Another form of online gambling that the proposed legislation would exempt from illegal status is the sale of lottery tickets by the states over the internet. It is difficult to see how these legislators show deep concern for the children of America based on the following quote from Overcoming Life Digest (July/August, 1998 Issue) “Studies show that lotteries are the favorite legal gambling game for teenagers. Statistically, one of seven who play will become addicted.” And from the Council on Compulsive Gambling of New Jersey (6 June 2003), “Many regard lotteries as a relatively benign form of gambling. However, 31 percent of callers to the 1-800-GAMBLER national hotline (operated by the Council on Compulsive Gambling of New Jersey) indicated problems with lottery gambling.”

In yet another example of government raking in cash without regard for the children of America, we have Video Lottery Machines. Video Lottery Machines, or VLTs are nothing more than state sponsored electronic video poker machines. According to David Plotz in Slate.com on Friday December 17th, 1999 “These are the most addictive of any gambling instrument we have today. It is a cinch for kids to play video lottery machines, since they are often found in businesses that kids frequent.” These devices are being licensed for use in grocery stores, convenience stores, bars and markets around the country, where the children of America have easy access.

Clearly, the legislation proposed does not “keep children from borrowing the family credit card, logging on to the family computer, and losing thousands of dollars all before their parents get home from work”, They will be able to buy lottery tickets, bet on horse races, and head down to the local convenience store to play the VLTs.

In the next article, I will continue coverage of the issues raised by politicians who are against online gambling, and provide a different perspective to their rhetoric, covering the Abramoff card, and the affect of gambling on the family.

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Baccarat Gambling – Part 1; A Fun, Simple Game You Can Win Easily!

Baccarat gambling is fun easy to play and you have a great chance of winning. Here we will look at the basics of baccarat gambling and in part 2 look at some tips to win.

If you have not played Baccarat yet, or want to simply sharpen your skills these articles are for you.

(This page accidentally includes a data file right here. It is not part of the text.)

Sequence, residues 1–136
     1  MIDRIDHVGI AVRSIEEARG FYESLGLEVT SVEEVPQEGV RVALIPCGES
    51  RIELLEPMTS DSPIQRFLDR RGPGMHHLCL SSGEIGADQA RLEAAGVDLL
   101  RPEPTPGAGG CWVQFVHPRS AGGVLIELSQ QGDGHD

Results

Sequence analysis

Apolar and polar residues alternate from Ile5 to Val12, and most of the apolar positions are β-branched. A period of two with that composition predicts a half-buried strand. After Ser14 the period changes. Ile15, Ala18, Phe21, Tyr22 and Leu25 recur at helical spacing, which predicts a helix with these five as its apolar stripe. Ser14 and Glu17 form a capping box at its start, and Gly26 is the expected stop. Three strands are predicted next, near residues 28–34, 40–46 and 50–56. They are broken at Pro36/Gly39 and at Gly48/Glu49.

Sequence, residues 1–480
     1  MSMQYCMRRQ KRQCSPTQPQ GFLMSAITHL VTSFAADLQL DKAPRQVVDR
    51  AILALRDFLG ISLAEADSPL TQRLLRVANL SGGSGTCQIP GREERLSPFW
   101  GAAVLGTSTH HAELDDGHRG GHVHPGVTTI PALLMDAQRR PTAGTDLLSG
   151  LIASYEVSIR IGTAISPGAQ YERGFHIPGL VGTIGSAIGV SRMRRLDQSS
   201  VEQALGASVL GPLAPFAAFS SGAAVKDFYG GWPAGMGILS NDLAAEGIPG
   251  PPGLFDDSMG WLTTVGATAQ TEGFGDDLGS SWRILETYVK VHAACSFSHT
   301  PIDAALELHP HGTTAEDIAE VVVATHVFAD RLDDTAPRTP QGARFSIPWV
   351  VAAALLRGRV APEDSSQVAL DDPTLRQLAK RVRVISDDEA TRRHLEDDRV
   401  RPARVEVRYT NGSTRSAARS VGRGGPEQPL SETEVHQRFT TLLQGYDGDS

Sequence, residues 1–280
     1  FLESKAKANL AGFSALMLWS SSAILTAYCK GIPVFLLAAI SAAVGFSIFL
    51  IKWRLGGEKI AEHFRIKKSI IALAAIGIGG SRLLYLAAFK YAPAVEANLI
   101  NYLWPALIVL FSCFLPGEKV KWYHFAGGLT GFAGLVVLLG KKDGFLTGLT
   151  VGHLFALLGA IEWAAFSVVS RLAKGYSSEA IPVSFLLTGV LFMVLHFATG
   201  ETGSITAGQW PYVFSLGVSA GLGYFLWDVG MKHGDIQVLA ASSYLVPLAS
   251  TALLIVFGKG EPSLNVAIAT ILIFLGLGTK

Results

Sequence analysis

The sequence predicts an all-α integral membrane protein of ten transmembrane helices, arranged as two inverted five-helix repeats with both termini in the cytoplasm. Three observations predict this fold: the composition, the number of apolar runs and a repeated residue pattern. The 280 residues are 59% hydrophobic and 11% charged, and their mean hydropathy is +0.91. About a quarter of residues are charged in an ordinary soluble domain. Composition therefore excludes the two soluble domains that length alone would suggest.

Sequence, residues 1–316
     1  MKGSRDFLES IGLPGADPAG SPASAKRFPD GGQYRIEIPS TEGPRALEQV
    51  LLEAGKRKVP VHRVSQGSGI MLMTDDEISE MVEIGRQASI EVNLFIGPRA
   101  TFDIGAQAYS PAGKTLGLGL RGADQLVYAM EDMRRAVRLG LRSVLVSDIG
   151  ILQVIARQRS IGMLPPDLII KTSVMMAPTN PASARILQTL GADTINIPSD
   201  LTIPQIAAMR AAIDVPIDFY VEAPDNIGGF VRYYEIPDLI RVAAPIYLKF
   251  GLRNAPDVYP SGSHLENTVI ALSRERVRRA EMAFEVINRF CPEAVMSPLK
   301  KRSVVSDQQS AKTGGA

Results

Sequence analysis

Baccarat Gambling is perhaps the simplest game to play with no decisions made after a bet is placed.
The rules are set and final.

The Dealer at the table must act according to these rules without consulting players. Baccarat gambling can be very exciting nevertheless, and somehow it is made more glamorous than any other game.

A normal baccarat table is about the size of a craps table with up to 3 casino dealers and up to 14 players. Each player, including the player dealing, may still bet on either the player or the banker usually the dealer to bets on the banker.

Rotating around the table, the deal is similar to how the dice rotate around the craps table. A player may pass the shoe to the next player. The same person will keep dealing as long as the banker keeps winning. Baccarat gambling is very simple. Here is how it’s done.

The dealer will put two cards, face down, held under the shoe, and deal the player with the greatest bet on the player the other two cards, face down. This player can view his cards and immediately gives them back to the dealer. The dealer will then turn over the cards and one of the casino dealers will announce the totals.

Depending on the results the dealer may then deal a third card. Finally the dealers will pay winning wagers and collect losing ones out of the dealer’s tray. Nothing could be simpler than baccarat gambling.

Meanings of the hand dealt

A numbered card less than ten is worth its face value, aces are worth 1, and tens and face cards are worth 0. The suit is immaterial. The highest total of any baccarat hand is nine. A two-card total of nine is called a “natural” and cannot lose. A two-card eight is the second-best hand and is called a natural as well. If both player and bank are dealt identical hands, it is a tie and neither wins.

The score of the cards dealt is the right digit of the total of the cards. For example if the two cards were a 6 and 5, then the total would be 11, and the score would be a 1. The totals will range from 0 to 9 and there is no possibility to bust.

Betting Options in Baccarat Gambling

The game begins when all players bet either on the ‘player’, ‘banker’, or a tie.

The Players Options

In case the player or the banker has a total of an 8 or a 9 they both must stand. In case the player has total of 6 or 7, the player must stand. In case the player has total of 5 or less, the player automatically hits.